Thursday, March 5, 2015

Review: Bird

grief, loss, friendship and love intermingle in this powerful debut
Title: Bird by Crystal Chan
Publisher: Atheneum Books for Young Readers
Format: Paperback
Pages: 295 pages
Genre: Young Adult, Adoption

Synopsis: Jewel never knew her brother Bird, but all her life she has lived in his shadow. Her parents blame Grandpa for the tragedy of their family’s past: they say that Grandpa attracted a malevolent spirit—a duppy—into their home. Grandpa hasn’t spoken a word since. Now Jewel is twelve, and she lives in a house full of secrets and impenetrable silence.

Jewel is sure that no one will ever love her like they loved Bird, until the night that she meets a mysterious boy in a tree. Grandpa is convinced that the boy is a duppy, but Jewel knows that he is something more. And that maybe—just maybe—the time has come to break through the stagnant silence of the past.

Review: Bird is a middle school grade novel by first time author Crystal Chan.  Jewel was born on the day her brother, Bird died. His real name was John but Jewel's grandfather called him Bird and after he jumped to his death from a cliff pretending to fly Jewels grandfather hasn't spoken and her family is steeped in grief and despair.

On the eve of her 12th birthday Jewel leaves the house late at night to climb a tree and look at the stars.  In the tree she meets John, a young African-American boy who was adopted by a white family.  Jewel thinks it's weird that she met a boy with her brother's name in a spot out near where he died but the two become good friends. Jewel's father doesn't trust him though.  He believes that John is an a duppy (spirits trapped on earth who cause trouble) who has come to cause more trouble in their family. He goes out of his way to keep John away from his family.

John is visiting his Uncle while his parents get ready to have a baby.  Which brings up many feelings of abandonment, his adoption, and anger in John. While the drama going on in both children's lives at first appear the same by the end you see how very similar their concerns are.  Jewel lives in a house that hasn't let go of the grief and sadness of losing their son, and John believes his parents don't really want him now that they are having their "own" child. 

This is a beautifully written book and a well thought out story that really touches on what it means to feel different, how children view the world around them and how we are all connected and can help each other to be whole.  Many books deal with identity and parent and child relationships but Bird is on a completely different level. Bird is a compelling story about values, traditions and relationships that redefines what it means to be a family, I loved this book. 

Tuesday, March 3, 2015

Teaser Tuesday




Teaser Tuesdays is a weekly bookish meme, hosted by MizB of Should Be Reading. Anyone can play along! Just do the following:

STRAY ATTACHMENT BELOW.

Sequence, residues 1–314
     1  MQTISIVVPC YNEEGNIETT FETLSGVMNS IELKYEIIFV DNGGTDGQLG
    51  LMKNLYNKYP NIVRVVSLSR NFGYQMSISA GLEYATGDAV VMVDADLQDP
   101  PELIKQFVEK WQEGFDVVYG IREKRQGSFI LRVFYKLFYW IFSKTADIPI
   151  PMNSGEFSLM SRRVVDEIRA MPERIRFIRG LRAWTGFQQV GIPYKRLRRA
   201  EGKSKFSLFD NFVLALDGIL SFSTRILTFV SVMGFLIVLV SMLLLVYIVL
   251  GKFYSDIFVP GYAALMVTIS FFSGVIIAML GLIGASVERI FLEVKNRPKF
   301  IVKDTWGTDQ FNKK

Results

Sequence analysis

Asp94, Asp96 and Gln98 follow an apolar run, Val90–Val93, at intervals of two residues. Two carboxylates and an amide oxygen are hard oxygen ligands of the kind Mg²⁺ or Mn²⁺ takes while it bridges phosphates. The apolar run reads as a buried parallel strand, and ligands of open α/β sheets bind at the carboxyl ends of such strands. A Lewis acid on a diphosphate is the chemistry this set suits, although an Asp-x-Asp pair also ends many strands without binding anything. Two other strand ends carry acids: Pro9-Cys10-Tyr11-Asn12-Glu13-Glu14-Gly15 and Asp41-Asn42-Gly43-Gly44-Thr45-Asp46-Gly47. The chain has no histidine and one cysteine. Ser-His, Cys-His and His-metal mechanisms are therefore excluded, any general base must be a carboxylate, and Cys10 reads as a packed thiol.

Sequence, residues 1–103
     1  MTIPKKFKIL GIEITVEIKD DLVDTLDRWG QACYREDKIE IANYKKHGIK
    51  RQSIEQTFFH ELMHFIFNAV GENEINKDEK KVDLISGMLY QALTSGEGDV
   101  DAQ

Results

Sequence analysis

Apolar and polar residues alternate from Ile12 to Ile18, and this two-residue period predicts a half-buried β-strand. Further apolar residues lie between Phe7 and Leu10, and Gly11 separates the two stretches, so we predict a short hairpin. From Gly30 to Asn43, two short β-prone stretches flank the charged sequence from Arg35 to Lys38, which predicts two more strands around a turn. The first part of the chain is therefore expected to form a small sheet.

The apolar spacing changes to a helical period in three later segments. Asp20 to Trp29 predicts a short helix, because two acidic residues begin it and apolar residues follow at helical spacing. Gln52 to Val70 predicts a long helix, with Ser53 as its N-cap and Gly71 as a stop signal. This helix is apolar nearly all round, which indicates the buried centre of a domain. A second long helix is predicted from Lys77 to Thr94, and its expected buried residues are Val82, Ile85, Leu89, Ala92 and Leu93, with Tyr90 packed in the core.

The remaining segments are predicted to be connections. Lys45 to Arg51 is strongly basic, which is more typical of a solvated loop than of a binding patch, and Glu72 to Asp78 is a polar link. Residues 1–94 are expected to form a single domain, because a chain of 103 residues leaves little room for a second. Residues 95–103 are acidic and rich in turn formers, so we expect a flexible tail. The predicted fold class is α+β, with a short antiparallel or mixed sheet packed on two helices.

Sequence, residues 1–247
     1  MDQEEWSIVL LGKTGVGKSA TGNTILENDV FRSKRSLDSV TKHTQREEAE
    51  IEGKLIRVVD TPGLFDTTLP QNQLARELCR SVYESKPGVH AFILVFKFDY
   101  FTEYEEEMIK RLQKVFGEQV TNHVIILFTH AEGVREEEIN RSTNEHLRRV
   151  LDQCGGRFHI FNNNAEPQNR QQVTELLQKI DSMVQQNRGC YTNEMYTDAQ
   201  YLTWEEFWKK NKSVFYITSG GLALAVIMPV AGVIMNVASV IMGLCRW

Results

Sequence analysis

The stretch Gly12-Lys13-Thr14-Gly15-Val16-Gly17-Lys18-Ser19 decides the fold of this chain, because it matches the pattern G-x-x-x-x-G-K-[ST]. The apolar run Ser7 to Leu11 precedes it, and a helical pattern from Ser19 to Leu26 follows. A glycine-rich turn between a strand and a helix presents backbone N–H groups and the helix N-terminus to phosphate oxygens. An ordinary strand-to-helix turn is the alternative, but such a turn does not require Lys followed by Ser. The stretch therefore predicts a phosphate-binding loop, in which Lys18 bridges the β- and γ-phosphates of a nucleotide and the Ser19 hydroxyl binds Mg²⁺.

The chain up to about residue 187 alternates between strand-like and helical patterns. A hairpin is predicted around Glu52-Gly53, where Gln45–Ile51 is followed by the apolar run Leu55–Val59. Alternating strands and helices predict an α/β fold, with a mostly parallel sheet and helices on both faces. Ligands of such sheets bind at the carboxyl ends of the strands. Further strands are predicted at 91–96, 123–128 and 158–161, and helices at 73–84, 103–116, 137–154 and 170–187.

Open to a random page:
Share two (2) “teaser” sentences from somewhere on that page. BE CAREFUL NOT TO INCLUDE SPOILERS! (make sure that what you share doesn't give too much away! You don’t want to ruin the book for others!)

Share the title & author, too, so that other TT participants can add the book to their TBR Lists if they like your teasers!

My Teaser this week is from Bird by Crystal Chan

"I wouldn't tell them I go to the cliff anyway, because adults don't listen to what kids have to say. Not really. If they did, they would actually look at me when I talk, look good and deep and open-like, ready to hear whatever comes out of my mouth, ready for anything. I don't know any adult who's ever looked at me like that, not even my parents. "

Thursday, February 26, 2015

Review: Breakwater Bay

abandoned baby, new romance, mysterious beginnings
Title: Breakwater Bay: A Novel by Shelley Noble
Publisher: William Morrow
Format: Paperback
Pages: 384 pages
Genre: adoption, fiction

Synopsis: Preservationist Meri Hollis loves her latest project, restoring one of Newport’s forgotten Gilded Age mansions. And with summer approaching, she’ll be able to spend more time with her Gran on the Rhode Island shore. She has a great job, a loving family and she’s pretty sure her boyfriend is going to propose on her thirtieth birthday.

But everything Meri believes about family, happiness, truth, and love is shattered when her family’s darkest secret is exposed.

 Thirty years before, Meri’s neighbor and friend, Alden Corrigan, took his father’s dinghy out to fish. In a sudden storm, he rushed to help a woman stranded on the breakwater. She was just a girl . . . a very pregnant girl who disappeared soon after they reached safety—but not before she left behind a very special gift.

Now that the truth it out, life will change for everyone in Breakwater Bay, and Meri and Alden will have to make decisions that could insure their future together . . . or separate them for good.

Review: This book takes readers to the coastal area of Rhode Island, Newport's forgotten Gilded Age Mansions, and a spot I found myself wanting to imagine myself on the beach with a drink in my hand. I found this book to be really enjoyable and a quick read.  I would put this book in the chick lit category for the romantic subplot and hunky supporting characters which is not normally my genre but I enjoyed it nonetheless.